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close this bookNatural Resources and Rural Development in Arid Lands: Case Studies from Sudan (UNU, 1985, 85 pages)
close this folderIV. Planners' and participants' perceptions of development in the semi-arid lands of Sudan: A case study of the Khashm el Girba scheme
View the document(introductory text...)
View the documentThe problem
View the documentThe Khashm el Girba scheme
View the documentDifferences in perception between planners, management, and participants in the scheme
View the documentScheme participants' adaptive responses
View the documentTowards a restructuring of the scheme
View the documentConclusions
View the documentReferences

(introductory text...)

The problem
The Khashm el Girba scheme
Differences in perception between planners, management, and participants in the scheme
Scheme participants' adaptive responses
Towards a restructuring of the scheme

From the preceding studies it is clear that a most important factor encouraging, or discouraging, the acceptance of new innovations in the arid lands of Sudan has been the degree to which participants in the process have been able to identify with the proposed development In particular it has been noted that the result of the provision of better water supplies in southeastern Kordofan was different from what the government expected, and similarly the expansion of mechanized agriculture in the Nuba Mountains area has had unexpected results. It is true that some of the results should have been foreseen, but the main reason they were not lies in the assumption that "development" means the same to everyone and that people's reactions can be dependably predicted on the basis of experience elsewhere, especially when a blueprint for irrigation-scheme development has been adopted. This was the case with the Khashm el Girba irrigation scheme in eastern Sudan, involving the use of 500,000 feddens of land west of the Atbara River for irrigation by gravity flow from a dam across the river in 1964. The model for the development was the analogous Gezira irrigation scheme covering some two million feddans in a similar general region in central Sudan.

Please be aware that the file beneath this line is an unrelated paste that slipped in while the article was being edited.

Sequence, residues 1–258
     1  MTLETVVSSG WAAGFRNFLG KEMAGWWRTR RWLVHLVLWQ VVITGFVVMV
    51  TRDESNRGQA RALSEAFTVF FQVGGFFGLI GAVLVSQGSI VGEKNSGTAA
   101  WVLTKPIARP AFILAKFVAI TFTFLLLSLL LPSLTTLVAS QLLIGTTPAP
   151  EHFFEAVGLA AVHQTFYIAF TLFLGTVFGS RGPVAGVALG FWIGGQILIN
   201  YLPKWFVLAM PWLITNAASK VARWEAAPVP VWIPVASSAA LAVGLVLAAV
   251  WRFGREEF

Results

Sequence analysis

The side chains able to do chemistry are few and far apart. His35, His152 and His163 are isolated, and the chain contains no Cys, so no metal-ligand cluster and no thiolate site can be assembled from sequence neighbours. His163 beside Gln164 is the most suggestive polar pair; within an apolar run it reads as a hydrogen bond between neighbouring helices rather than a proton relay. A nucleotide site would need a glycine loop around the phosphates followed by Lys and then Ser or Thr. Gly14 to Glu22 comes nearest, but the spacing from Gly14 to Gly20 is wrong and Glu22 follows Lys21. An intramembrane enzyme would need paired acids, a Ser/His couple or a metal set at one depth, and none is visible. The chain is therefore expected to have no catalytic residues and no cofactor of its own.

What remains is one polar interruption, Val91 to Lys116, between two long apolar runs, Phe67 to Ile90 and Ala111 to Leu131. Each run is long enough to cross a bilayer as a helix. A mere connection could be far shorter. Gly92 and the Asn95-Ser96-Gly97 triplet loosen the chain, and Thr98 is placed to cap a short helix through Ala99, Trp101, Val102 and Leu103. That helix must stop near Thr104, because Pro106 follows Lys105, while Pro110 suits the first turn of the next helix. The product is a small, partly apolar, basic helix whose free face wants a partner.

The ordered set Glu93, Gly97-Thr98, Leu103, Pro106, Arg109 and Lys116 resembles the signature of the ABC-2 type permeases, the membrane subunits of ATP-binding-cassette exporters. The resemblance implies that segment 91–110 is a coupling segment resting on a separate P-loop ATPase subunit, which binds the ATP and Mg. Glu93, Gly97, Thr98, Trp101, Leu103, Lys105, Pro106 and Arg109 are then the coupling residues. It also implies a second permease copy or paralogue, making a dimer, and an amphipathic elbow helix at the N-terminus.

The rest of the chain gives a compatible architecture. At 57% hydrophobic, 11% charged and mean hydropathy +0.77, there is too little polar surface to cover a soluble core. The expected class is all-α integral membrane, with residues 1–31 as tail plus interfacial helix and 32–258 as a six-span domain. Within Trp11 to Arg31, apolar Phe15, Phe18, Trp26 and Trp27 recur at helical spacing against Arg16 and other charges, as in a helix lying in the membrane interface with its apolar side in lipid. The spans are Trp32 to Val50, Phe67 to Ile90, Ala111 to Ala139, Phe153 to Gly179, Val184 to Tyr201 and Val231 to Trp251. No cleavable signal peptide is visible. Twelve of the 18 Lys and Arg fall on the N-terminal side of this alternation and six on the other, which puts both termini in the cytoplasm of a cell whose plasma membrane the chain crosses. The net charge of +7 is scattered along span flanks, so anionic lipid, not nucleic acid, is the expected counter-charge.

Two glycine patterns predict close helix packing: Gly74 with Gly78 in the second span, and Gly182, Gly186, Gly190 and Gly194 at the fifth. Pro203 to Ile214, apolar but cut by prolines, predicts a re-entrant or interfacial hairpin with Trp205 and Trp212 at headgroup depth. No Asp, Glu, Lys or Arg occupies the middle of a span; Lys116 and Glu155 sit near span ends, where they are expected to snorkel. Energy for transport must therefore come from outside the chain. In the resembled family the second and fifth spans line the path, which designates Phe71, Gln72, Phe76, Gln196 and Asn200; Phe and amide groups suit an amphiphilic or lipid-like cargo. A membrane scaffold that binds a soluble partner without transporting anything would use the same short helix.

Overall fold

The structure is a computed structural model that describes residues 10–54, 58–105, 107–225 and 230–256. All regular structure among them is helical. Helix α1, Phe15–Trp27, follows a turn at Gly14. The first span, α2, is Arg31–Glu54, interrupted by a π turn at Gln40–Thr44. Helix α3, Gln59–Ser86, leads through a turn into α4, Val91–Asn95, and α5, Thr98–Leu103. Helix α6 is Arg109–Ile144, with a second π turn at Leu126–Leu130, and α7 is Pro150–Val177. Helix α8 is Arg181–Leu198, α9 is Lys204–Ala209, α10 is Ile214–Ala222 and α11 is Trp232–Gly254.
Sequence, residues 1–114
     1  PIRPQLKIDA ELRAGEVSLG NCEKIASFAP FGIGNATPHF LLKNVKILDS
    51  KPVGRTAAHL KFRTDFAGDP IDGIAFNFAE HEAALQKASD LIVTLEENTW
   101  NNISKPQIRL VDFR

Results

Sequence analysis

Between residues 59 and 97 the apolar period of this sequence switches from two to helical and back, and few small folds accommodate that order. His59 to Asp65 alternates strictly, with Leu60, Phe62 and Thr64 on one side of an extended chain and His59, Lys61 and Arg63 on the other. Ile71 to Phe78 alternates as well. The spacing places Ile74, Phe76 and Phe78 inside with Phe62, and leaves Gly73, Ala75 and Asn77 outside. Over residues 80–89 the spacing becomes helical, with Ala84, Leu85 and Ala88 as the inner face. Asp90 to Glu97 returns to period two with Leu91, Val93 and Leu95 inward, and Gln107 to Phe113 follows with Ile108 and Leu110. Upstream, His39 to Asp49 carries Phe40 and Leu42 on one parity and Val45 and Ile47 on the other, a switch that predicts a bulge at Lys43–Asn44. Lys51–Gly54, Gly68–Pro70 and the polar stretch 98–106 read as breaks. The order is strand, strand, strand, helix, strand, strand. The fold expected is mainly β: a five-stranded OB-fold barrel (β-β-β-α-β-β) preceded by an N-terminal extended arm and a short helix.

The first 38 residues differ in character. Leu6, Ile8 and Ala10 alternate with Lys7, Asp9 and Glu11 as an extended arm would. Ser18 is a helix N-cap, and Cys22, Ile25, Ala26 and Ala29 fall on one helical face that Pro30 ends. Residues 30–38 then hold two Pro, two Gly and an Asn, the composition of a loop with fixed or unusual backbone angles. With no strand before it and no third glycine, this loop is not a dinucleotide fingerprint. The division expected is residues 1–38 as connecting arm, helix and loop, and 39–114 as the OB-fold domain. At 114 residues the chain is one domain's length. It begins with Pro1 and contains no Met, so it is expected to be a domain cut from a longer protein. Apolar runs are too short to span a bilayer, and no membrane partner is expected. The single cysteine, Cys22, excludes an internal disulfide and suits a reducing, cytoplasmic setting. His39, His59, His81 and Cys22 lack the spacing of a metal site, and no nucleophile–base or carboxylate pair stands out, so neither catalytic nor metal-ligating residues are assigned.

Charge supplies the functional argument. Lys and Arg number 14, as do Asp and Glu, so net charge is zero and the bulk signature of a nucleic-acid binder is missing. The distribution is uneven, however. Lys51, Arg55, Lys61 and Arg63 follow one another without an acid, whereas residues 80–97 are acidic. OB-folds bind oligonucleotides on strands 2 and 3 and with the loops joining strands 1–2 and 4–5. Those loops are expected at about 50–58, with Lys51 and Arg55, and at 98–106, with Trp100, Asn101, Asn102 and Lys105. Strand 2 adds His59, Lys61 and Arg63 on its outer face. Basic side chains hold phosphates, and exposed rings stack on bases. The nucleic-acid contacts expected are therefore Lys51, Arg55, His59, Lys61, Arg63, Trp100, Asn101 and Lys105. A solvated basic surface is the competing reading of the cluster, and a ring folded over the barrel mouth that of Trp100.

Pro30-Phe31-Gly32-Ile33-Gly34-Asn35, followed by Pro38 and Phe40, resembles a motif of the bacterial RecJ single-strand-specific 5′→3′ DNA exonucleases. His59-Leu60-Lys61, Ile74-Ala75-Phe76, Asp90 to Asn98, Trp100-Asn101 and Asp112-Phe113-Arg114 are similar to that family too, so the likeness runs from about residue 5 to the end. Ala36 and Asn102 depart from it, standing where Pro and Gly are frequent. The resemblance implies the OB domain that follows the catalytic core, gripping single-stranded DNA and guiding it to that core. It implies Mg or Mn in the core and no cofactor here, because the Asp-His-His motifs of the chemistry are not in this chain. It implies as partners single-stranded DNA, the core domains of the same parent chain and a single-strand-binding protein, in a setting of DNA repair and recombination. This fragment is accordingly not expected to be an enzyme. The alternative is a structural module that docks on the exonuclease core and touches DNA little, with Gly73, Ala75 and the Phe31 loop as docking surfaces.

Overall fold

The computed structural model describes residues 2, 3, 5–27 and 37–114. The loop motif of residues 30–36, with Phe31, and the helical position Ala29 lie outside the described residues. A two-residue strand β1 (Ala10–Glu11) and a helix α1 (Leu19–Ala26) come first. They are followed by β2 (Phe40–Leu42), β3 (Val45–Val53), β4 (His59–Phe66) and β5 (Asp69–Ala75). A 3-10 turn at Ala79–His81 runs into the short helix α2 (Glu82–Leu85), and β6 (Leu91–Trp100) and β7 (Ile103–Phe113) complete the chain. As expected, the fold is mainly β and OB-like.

That these assumptions are unjustified has been made plain by various authors who have written on the success and failure of the Khashm el Girba Scheme (Sorbo 1971, 1977; Fahim 1973; Thimm 1979). This report deals with the varying attitudes, aspirations, and perceptions of planners and officials on the one hand and the various groups of settlers on the other. The main conclusion is that the various groups have widely different viewpoints and, unless these can be brought more closely together, the scheme is unlikely to achieve a high degree of success. The main lesson for aridland development is the overriding need for a full assessment of the perceptions of the participants if success is to be achieved and waste minimized.

- H. R. J. Davies